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Cycling, car, or public transit: a study of stress and mood upon arrival at work

Stéphane Brutus (Concordia University, Montreal, Canada)
Roshan Javadian (Concordia University, Montreal, Canada)
Alexandra Joelle Panaccio (Concordia University, Montreal, Canada)

International Journal of Workplace Health Management

ISSN: 1753-8351

Article publication date: 6 February 2017




The purpose of this paper is to investigate the impact of various commuting modes on stress and mood upon arrival at work.


Data on stress and mood were collected after 123 employees arrived at work by bike, car, or public transit. In order to account for the natural fluctuation of stress and mood throughout the day, the assessment of the dependent variables was made within the first 45 minutes of arrival at work.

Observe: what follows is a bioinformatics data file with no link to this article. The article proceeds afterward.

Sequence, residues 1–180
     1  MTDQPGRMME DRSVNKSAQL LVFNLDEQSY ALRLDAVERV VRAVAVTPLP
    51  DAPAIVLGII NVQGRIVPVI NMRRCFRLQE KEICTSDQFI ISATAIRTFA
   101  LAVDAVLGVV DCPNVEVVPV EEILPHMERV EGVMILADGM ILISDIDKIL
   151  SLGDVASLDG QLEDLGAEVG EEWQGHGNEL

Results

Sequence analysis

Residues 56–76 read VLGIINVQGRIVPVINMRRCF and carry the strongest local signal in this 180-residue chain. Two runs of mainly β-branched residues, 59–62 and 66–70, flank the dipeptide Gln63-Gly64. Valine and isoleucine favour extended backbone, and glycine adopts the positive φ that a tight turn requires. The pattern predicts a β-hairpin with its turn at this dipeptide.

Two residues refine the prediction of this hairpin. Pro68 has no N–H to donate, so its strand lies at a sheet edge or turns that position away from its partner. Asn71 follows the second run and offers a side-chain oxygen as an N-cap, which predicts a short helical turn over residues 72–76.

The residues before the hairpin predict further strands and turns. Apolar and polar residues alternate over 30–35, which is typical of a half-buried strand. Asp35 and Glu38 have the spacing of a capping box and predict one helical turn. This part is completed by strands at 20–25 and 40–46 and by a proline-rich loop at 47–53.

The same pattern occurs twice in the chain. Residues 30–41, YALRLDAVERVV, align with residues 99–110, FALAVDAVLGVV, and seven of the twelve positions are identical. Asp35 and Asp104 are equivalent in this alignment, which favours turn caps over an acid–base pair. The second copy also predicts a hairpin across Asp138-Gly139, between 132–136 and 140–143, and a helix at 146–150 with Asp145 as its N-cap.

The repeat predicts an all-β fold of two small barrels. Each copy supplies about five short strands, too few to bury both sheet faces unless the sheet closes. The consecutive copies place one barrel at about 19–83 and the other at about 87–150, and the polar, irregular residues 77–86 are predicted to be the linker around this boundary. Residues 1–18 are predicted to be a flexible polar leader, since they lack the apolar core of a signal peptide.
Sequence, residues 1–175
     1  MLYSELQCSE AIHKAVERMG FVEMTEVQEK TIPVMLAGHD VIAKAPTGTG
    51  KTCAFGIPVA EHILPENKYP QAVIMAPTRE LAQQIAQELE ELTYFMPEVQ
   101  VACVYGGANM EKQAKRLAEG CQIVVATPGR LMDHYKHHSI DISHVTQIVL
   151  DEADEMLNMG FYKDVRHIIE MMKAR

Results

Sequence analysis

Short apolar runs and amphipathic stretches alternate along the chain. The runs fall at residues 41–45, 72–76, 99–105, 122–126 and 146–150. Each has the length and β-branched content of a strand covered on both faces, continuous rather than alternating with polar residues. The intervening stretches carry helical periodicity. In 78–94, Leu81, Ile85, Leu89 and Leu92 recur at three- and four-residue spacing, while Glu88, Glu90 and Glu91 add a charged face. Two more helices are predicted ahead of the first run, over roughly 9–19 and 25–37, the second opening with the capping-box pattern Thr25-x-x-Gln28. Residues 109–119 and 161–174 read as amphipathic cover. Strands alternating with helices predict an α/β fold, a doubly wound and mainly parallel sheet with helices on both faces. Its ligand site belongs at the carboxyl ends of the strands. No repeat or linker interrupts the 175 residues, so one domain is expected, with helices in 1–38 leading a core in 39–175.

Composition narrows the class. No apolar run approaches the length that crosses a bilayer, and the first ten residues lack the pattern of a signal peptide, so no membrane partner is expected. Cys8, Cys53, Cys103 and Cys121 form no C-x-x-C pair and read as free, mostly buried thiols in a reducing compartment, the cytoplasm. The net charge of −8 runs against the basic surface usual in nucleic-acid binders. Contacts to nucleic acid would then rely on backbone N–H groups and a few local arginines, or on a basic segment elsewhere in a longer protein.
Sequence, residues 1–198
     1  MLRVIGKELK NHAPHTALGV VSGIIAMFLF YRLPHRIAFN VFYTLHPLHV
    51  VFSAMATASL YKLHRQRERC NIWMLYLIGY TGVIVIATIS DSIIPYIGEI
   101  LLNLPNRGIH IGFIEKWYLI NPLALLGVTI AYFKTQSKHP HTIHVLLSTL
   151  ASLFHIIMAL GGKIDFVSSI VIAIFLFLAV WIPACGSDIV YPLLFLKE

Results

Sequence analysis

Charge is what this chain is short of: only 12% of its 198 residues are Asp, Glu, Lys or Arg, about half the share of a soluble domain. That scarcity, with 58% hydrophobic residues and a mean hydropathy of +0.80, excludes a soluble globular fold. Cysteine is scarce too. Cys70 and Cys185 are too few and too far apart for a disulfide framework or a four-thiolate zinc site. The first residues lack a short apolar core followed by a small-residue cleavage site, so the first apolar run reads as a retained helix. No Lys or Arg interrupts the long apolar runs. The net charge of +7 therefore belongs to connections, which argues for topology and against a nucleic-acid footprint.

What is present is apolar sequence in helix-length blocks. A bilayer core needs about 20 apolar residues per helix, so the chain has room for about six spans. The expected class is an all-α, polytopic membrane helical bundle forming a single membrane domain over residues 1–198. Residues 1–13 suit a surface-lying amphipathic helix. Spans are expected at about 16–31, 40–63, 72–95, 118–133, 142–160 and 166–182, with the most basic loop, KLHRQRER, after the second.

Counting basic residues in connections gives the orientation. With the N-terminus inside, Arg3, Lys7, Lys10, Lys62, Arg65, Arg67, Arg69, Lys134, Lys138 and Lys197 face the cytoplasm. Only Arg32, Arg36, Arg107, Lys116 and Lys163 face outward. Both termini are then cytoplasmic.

As hypothesized, those who cycled to work were less stressed than their counterparts who arrived by car. However, there was no difference in mood among the different mode users.

Practical implications

A lower level of early stress among cyclists offers further evidence for the promotion of active commute modes.


This study underscores the importance of being sensitive to time-based variations in stress and mood levels when investigating the impact of commute modes.



Brutus, S., Javadian, R. and Panaccio, A.J. (2017), "Cycling, car, or public transit: a study of stress and mood upon arrival at work", International Journal of Workplace Health Management, Vol. 10 No. 1, pp. 13-24.



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